A total of 625 structures were measured, and most of those measurements come from relatively consolidated intervals. Observed and measured structures on cores are beddings, faults and deformation bands, mineral veins, and a sand dyke (injection). Where possible, we corrected the measurements of planar and linear structures to true geographic coordinates using paleomagnetic data. The precision of shipboard measurements equals to that of terrestrial measurements in structural geology and accounts to numbers in the range of 1°–2° per single measurement. Deformation related to drilling and core recovery was noted, but not recorded.

Planktic and benthic foraminifers and calcareous nannofossils were examined from core catcher samples and additional split-core samples from Holes U1599A to U1599C to develop a shipboard biostratigraphic framework for Site U1599. Additionally, benthic foraminifers provided data on paleowater depths, downslope reworking, and possible dissolution. Calcareous nannofossils and planktic foraminifers provided good resolution in the Holocene through upper Pliocene sediments; however, significant reworking within the lower section required the use of first occurrence datums for primary age control. Ages provided by benthic foraminifers were also consistent with those of planktic foraminifers and calcareous nannofossils.

To establish the composite depth scale, Holes U1599A–U1599C were analyzed for their physical properties using the Whole-Round Multisensor Logger (WRMSL) for MS and gamma ray attenuation (GRA), and the gamma ray track (for NGR intensity), as well as core photos. The MS data were the most reliable physical parameter for correlations, while NGR and GRA density measurements were often overprinted by the irregular distribution of core material in cores with low recovery and a high content of water. Because the mudline was not preserved, we used Core U1599A-2F as the anchor for stratigraphic correlation. Using this anchor core, we attempted to determine the relative depth offset of each core by establishing affine ties between the holes based on the maximum correlation of all measured physical properties.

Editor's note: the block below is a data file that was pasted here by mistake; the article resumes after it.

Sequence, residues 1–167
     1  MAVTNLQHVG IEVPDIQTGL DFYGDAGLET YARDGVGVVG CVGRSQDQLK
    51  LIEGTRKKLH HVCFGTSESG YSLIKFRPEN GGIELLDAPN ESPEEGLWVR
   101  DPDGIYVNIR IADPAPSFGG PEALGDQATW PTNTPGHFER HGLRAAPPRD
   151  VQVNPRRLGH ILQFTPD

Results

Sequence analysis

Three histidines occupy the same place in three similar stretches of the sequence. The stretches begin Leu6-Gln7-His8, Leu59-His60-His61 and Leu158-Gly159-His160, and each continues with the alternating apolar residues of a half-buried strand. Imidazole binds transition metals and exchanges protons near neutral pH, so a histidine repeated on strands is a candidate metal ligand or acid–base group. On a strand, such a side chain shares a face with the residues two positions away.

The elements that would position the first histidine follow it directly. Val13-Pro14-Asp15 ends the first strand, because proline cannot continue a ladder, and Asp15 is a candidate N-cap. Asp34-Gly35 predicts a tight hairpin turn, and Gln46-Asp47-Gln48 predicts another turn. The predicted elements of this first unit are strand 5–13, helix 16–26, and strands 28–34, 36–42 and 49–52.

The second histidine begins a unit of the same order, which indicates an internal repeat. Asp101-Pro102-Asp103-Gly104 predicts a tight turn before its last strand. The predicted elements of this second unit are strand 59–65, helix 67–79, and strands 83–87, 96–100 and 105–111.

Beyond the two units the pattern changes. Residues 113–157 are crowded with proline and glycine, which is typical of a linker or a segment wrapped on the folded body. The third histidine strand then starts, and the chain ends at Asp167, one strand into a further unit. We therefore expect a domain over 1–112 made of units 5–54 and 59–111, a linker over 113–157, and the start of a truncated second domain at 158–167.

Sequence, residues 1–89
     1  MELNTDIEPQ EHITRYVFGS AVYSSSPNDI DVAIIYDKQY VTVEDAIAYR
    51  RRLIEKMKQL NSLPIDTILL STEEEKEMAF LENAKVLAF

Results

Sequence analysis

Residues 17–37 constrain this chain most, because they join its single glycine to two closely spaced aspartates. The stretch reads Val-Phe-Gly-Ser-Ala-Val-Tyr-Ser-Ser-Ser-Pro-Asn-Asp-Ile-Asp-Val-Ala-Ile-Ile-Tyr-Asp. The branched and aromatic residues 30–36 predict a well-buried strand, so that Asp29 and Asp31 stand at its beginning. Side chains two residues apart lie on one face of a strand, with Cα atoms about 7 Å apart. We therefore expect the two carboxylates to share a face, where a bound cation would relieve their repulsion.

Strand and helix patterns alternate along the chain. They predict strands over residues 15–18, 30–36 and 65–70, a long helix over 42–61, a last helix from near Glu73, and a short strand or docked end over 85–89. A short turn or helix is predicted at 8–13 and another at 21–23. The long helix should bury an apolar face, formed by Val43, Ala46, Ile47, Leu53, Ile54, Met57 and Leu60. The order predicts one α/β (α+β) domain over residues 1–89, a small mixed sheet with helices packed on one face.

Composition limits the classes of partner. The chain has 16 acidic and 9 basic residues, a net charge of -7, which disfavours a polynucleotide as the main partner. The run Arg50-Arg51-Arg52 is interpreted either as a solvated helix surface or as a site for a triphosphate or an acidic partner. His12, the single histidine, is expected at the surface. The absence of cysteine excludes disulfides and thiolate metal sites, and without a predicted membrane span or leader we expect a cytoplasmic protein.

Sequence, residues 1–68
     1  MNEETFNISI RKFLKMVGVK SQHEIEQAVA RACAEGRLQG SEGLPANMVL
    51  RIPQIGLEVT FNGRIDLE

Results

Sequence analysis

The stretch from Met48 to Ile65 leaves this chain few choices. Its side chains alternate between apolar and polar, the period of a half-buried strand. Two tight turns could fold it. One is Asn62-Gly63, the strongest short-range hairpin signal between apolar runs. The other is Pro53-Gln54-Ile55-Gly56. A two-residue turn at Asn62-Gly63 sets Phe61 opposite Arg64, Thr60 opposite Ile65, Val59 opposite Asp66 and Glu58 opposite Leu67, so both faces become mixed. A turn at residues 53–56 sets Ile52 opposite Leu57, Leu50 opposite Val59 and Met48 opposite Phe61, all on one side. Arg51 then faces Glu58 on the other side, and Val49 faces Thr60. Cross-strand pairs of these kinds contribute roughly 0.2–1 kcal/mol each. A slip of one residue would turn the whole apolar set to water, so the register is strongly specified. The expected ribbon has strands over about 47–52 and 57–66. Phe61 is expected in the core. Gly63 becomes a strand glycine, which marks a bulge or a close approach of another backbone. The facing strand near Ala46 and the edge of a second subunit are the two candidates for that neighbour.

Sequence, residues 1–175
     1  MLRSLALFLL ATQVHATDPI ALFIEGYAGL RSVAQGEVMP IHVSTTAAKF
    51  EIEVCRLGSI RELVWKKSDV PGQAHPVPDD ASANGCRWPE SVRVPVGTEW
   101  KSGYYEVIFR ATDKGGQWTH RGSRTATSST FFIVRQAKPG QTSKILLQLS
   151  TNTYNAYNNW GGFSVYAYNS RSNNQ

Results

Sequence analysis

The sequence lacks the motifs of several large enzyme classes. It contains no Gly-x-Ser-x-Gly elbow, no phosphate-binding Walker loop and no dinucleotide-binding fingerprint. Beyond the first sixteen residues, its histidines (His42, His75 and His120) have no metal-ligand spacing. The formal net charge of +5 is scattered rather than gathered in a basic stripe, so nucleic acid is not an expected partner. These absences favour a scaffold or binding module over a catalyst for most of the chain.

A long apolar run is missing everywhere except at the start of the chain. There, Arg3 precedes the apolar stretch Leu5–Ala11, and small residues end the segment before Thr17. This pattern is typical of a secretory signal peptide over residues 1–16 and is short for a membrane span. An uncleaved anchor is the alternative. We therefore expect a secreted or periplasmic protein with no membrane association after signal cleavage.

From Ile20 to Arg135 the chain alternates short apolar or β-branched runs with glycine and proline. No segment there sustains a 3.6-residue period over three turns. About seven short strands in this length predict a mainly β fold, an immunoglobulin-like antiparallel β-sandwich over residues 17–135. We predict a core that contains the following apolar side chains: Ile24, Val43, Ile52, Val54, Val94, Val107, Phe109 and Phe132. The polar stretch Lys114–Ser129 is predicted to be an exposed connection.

In general, reliable correlations were identified between most cores of Holes U1599A and U1599B until a depth of ~160 mbsf. Below this, low recovery, as well as strong lithological variations and a soupy nature of the recovered material, led to gaps in the stratigraphic correlation. For each of these interruptions, the relative offset between untied (noncorrelated) cores derived from the core depth below seafloor, Method A (CSF-A) scale was used to keep the composite depth scale as close to the original CSF-A scale as possible.